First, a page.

Course title: A Historical Survey of the Fantastic in British Literature
Instructor: Assoc. Prof. Iva Polak
ECTS credits: 6
Semester: 1st and 3rd semester
Enrollment requirements: enrollment in the 1st or 3rd semester
Course description: The course offers a historical survey of OE, ME and ModE texts that appropriate fantasy or the supernatural for various reasons. Each text is discussed in the framework of its socio-historical context to reflect, albeit tentatively, the implied listener/reader. Some literary works are analyzed alongside their cinematic adaptations. Theoretical underpinnings of the fantastic include discussions about mimesis, the rhetoric of the real and unreal, terminological muddy waters (fantasy/the fantastic/Fantasy), and the notion of impulse, mode and genre.
Objectives: Awakening students’ awareness of the existence of fantasy from the very beginnings of English literature; detecting the shifts in the function of the fantastic in literature and culture; clearer understanding of the theoretical postulates of the fantastic, introduced in the 20th century.
Course requirements: the final grade is based on continuous assessment which includes regular attendance (max. absences allowed: 4), preparation for class, in-class participation, writing small assignments, obligatory sitting for midterm exam and timely submission of the final paper. The paper is worth 40%, midterm exam 40% and other elements of continuous assessment are worth 20% of the final grade. Students must fulfill all elements of continuous assessment.
Week by week schedule
Introduction to key problems: the notion of reality in different time periods; mimesis-mimetic; fantasy-fantastic
What is fantastic in fantasy; historical positioning of the fantastic; fantasy as a mode and/or a genre; introduction into the theory of the genre (Todorov, Brooke-Rose,Chanady, Hume, etc.)
– Christine Brooke-Rose (Ch. 2); Kathryn Hume (Ch. 2 & 5)
The problem of locating the fantastic in Anglo-Saxon (OE) literature
Beowulf , c. 8th c. (excerpts) – historical context, Anglo-Saxon listener and encoded reader; the problem of the real and the unreal; heroic or fantastic epic
Beowulf (cont.) – relevance of epic for the development of fantastic literature; Beowulf and Tolkien’s high fantasy; Tolkien. “The Monster and the Critic”
Fantasy and the Middle-Ages
Geoffrey Chaucer, The Canterbury Tales (“The Nun’s Priest’s Tale”) (1387-; Caxton 1st ed. 1476) – historical context, medieval forms, fable, fantasy of the so-called “simple forms” (Einfache Formen)
Sir Thomas Malory. Le Morte Darthur (1485) (excerpts): medieval intertext; from epic to romance; Arthuriana as myth and historiography; characters and narrative strands
Le Morte Darthur (cont.) –Tolkien. “On Fairy Stories“; Karol Čapek. “Towards a Theory of Fairy Tales“; “A Few Fairy-Tale Motifs“; Monthy Python and the Holy Grail (1975) dir. Terry Gilliam & Terry Jones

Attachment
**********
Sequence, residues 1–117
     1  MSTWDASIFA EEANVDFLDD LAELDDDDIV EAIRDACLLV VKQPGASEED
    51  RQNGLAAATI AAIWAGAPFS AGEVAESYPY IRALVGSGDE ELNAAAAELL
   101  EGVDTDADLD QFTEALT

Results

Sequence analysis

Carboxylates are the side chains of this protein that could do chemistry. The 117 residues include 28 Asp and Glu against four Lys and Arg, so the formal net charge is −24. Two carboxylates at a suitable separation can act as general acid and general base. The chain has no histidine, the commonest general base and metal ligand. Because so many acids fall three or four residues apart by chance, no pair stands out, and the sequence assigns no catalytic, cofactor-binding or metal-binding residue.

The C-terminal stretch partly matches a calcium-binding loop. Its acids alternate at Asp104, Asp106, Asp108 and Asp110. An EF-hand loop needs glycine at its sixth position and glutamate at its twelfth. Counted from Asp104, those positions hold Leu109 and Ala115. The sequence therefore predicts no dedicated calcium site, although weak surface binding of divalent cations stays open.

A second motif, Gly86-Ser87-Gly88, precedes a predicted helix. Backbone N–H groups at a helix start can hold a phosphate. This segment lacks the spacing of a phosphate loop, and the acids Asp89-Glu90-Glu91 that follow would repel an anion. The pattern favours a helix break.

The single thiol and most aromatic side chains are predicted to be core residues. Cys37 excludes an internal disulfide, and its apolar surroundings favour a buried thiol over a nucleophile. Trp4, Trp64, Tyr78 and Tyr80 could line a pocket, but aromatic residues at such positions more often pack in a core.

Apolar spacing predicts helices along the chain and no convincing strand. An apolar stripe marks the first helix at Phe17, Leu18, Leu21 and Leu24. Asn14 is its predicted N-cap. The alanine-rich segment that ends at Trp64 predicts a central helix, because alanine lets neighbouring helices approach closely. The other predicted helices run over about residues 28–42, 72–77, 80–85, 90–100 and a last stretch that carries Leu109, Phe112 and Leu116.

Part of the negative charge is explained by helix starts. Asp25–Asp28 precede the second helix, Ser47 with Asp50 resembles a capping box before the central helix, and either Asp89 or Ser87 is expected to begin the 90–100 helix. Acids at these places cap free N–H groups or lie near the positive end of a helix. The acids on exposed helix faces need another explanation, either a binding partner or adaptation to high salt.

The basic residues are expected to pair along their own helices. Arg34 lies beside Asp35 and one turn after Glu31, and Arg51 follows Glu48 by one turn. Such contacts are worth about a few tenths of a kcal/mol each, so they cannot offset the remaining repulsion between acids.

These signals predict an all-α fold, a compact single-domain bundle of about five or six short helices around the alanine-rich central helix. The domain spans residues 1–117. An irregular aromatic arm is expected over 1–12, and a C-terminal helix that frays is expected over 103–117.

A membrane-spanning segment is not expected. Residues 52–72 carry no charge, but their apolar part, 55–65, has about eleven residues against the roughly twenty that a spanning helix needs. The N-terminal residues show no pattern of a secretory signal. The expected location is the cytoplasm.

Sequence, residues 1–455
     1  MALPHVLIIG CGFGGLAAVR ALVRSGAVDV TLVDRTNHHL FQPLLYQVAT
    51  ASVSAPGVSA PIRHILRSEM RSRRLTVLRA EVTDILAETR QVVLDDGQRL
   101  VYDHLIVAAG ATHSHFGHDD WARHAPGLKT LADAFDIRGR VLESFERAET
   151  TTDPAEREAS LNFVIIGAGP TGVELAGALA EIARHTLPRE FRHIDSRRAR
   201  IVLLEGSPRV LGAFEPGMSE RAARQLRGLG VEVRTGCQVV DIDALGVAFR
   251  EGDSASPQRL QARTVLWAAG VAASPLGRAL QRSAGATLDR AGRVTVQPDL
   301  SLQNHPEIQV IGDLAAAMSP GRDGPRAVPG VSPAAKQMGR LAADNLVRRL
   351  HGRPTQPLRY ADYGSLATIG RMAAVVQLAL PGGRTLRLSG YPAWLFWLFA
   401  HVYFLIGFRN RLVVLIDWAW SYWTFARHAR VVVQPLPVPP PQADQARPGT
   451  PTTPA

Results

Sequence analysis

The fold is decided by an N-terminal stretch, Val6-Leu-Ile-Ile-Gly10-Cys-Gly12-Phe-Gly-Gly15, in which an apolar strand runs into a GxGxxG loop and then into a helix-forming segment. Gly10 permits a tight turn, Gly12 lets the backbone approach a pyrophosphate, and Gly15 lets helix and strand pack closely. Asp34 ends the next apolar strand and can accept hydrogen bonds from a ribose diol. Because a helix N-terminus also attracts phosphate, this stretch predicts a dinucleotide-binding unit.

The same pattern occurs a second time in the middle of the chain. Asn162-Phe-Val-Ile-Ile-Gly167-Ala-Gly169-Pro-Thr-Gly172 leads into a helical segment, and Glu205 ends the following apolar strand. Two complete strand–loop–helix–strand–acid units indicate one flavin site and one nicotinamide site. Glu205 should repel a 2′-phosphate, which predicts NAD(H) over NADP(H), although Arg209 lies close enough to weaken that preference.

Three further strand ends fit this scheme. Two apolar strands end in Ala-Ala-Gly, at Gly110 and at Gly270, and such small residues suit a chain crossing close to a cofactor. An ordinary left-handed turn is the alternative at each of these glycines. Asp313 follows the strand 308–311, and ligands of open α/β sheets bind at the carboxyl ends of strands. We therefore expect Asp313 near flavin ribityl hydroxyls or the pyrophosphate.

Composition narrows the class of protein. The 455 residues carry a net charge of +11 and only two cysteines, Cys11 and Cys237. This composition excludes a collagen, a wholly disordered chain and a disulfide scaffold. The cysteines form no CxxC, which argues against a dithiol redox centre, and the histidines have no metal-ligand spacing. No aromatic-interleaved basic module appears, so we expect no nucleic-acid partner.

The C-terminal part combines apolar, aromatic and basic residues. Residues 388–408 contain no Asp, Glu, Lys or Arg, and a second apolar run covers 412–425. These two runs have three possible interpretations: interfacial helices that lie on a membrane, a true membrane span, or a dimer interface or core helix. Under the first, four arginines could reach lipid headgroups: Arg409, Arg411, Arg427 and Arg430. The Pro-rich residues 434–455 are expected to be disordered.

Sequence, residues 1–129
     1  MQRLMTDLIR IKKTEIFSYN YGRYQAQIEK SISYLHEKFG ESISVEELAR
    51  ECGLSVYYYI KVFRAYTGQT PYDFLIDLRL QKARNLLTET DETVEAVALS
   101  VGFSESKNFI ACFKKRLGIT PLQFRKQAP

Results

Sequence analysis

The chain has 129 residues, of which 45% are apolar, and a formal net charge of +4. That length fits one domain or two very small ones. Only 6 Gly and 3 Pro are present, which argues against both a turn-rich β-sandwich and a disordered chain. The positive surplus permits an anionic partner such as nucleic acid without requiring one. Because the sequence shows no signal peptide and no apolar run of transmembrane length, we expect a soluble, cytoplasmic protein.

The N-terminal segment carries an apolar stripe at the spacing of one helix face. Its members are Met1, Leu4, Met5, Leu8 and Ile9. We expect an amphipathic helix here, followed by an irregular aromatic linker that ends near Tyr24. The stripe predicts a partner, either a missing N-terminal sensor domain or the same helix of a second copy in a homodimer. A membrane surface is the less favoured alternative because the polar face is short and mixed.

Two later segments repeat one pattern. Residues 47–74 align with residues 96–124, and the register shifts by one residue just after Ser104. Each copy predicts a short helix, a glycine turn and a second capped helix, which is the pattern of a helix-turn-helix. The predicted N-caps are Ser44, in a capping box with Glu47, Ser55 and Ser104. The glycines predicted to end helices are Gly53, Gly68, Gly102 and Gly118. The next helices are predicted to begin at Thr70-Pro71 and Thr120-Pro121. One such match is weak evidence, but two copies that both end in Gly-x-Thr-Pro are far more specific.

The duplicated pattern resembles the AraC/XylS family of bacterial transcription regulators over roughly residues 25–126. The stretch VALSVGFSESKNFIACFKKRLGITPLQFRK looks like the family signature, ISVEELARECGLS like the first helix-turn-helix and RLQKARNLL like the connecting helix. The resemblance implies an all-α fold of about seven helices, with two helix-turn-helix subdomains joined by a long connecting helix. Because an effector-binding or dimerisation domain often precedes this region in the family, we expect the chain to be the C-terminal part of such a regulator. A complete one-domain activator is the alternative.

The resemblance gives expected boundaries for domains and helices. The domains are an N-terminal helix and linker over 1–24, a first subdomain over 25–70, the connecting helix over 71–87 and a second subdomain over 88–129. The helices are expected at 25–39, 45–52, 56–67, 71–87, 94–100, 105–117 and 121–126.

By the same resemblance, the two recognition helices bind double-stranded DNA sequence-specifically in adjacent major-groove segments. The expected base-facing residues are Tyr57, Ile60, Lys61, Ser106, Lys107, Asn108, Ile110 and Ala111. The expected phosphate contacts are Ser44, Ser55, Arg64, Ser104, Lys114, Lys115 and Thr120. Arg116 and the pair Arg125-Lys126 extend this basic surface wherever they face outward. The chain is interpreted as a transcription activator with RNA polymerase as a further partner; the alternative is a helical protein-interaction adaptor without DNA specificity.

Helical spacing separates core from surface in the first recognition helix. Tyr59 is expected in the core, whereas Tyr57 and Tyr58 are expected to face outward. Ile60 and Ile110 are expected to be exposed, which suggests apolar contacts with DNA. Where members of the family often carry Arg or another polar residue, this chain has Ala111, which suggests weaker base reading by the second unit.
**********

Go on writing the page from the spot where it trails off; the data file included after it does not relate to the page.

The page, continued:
Midterm exam (genre theory: Todorov/Brooke-Rose/Jackson)
Academic writing skills (guidelines for writing research paper)
Fantasy and the Early Modern Period
William Shakespeare. The Tempest (1623) – Elizabethan worldview; Prospero’s magic and how to present it on stage and screen; application of Todorov
Cinematic adaptations: discussion of clips from Silent Shakespeare (1899-1901); Forbidden Planet (1956) dir. Fred M. Wilcox; Prospero’s Books (1991) dir. Peter Greenaway; The Tempest (2010) dir. Julie Taymor
Fantasy in the Neoclassical Period
Jonathan Swift. Gulliver’s Travels (4th voyage) (1726, 1735)– utopian literature (Plato, Thomas More), Menippean satire, fantasy and allegory, location of the 4th voyage; problems of the 4th voyage
Fantasy and the Victorian Period
Lewis Carroll. Alice’s Adventures in Wonderland (1865) –Victorian children literature; nonsense verse (Jabberwocky); source of the supernatural
Lewis Carroll. Alice’s Adventures in Wonderland – application of Todorov
H. G. Wells. The Time Machine (1895) – ‘impure’ SF, novum (Suvin); The Time Machine (1960), dir. George Pal
Geoffrey Chaucer. The Canterbury Tales (“The Nun’s Priest’s Tale”)
Sir Thomas Malory. Le Morte Darthur (excerpts)
Jonathan Swift. Gulliver’s Travels, IV voyage
Lewis Carroll. Alice’s Adventures in Wonderland
H. G. Wells. The Time Machine; “The Grey Man”
– Brooke-Rose, Christine. A Rhetoric of the Unreal. Studies in Narrative and Structure, Especially of the Fantastic, CUP, 1981. (Ch. 2)
– Chanady, Amaryll Beatrice. Magical Realism and the Fantastic: Resolved Versus Unresolved Antinomy, Garland Publishing Inc, 1985. (excerpts)
– Čapek, Karel. In Praise of Newspapers and Other Essays on the Margin of Literature, Allen&Uwin, 1951. Essays: “Towards a Theory of Fairy Tales”; “A Few Fairy-Tale Motifs”.
– Hume, Kathryn. Fantasy and Mimesis. Responses to Reality in Western Literature. Methuen. 1984. (Ch. 2 & 5)
– Jackson, Rosemary. Fantasy. The Literature of Subversion, Routledge, 1981. (excerpts)
– Polak, Iva. Futuristic Worlds in Australian Aboriginal Fiction. Oxford:Peter Lang, 2017: Ch.1 & 2
– Suvin, Darko. “On the Poetics of the Science Fiction Genre”. College English. Vol. 34. No. 3, 1972: 372-382.
– Todorov, Tzvetan. The Fantastic. A Structural Approach to a Literary Genre, Cornell UP, 1975.
– Tolkien, J.R.R. The Monster and the Critics and Other Essays, HarperCollins, 2006. Essays: “The Monster and the Critics”; “On Fairy Stories”.
All texts shall be made available to the enrolled students in electronic form. Additional materials are received in class.